John Bellany CBE RA HRSA LLD (1942–2013)
John Bellany was rooted in the fishing community of Port Seton, of which he was a native son. He returned again and again in his work to the experiences of the fishing communities of the east of Scotland, their craft and their boats, filtered through his own vivid experiences and imagination. Although he roamed widely, finally settling in Tuscany, his links to Port Seton and East Lothian remained strong throughout his life. In recognition, he was created the first Freeman of East Lothian at the beginning of 2005.
John’s work hangs in many of East Lothian’s public buildings as well as the community centre and school in his home town. Ten of his works in the Council collection can be viewed here. East Lothian Council is just one of over 50 institutions in which John’s work is represented. John worked prolifically throughout his career. His first solo exhibition was in 1965 in Holland and the list of solo and shared exhibitions runs into the hundreds, in galleries and museums across the globe. Over the winter of 2012-13 the Scottish National Gallery hosted a major retrospective titled ‘A Passion for Life’.
John Bellany was born at Port Seton in 1942 to Richard Bellany and Nancy Maltman of Eyemouth. Richard was a fisherman, then on naval service, and they both came from fishing families. In 1960 John was the first from Port Seton to attend Edinburgh College of Art, where he studied painting under East Lothian’s Sir William Gillies, amongst others. In 1965 he enrolled in the Royal College of Art, London. In 1967 a trip to East Germany, and in particular the remains of the Buchenwald Concentration Camp, was a transformative influence on his output. Afterwards establishing himself as an artist and lecturer (at Brighton, Winchester, Goldsmith’s and back at the Royal College) his work became ever more distinctive and often deeply personal. This was never more apparent than in the aftermath of the successful liver transplant that he underwent at Addenbrookes Hospital in Cambridge during 1988. Within days of the operation, he asked for brushes and paint and he was off, cataloguing his recovery and his new sense of life right from his hospital bed.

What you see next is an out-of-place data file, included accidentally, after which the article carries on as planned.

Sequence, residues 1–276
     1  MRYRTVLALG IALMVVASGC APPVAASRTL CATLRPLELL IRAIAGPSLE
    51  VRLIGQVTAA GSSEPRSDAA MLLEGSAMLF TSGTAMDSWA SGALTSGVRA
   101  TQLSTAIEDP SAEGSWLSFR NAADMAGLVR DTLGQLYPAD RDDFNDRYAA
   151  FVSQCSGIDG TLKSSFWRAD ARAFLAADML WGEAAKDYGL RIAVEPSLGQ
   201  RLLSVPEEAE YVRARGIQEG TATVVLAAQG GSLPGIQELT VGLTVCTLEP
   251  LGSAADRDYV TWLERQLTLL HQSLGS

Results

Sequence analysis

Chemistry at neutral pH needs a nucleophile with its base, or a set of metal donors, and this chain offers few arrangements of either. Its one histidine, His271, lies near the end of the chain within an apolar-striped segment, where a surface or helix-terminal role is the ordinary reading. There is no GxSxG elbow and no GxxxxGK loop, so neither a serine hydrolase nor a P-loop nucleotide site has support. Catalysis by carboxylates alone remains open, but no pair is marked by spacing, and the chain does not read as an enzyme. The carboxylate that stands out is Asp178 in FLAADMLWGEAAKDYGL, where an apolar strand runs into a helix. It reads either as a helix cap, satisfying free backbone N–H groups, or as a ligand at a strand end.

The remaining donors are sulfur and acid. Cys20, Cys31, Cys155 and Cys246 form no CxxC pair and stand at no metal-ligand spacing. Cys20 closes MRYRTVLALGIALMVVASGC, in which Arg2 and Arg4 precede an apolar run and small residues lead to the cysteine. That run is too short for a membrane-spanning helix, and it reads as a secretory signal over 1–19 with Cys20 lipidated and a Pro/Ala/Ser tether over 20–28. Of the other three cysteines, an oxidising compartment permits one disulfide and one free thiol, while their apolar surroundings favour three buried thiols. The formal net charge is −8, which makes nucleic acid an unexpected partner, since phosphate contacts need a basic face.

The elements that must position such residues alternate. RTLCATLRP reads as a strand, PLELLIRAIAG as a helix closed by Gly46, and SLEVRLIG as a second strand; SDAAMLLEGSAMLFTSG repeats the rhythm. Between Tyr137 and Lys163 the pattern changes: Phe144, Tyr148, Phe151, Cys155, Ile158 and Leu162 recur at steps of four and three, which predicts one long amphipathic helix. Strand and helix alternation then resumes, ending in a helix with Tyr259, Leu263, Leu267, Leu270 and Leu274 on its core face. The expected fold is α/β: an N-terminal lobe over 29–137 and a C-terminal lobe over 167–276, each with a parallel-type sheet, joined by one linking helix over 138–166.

John’s work, and perhaps no less his overcoming of the internal demons he so vividly portrays, inspired a new generation of Scottish artists and he was recognised as a major figure – and far beyond his home shores. Recognition came with the award of several honorary Ll.D.s from Scottish universities (amongst others) and the Queen conferred on him a CBE in 1994. When John moved to Barga in Tuscany, his output became suffused with the vivid colours he found in the Italian landscape. But, as in the words of his mother, ‘it was always boats’ and he revisited on canvas again and again the east coast fishing communities of his youth.
John died in his studio on 28 August 2013, brush in hand.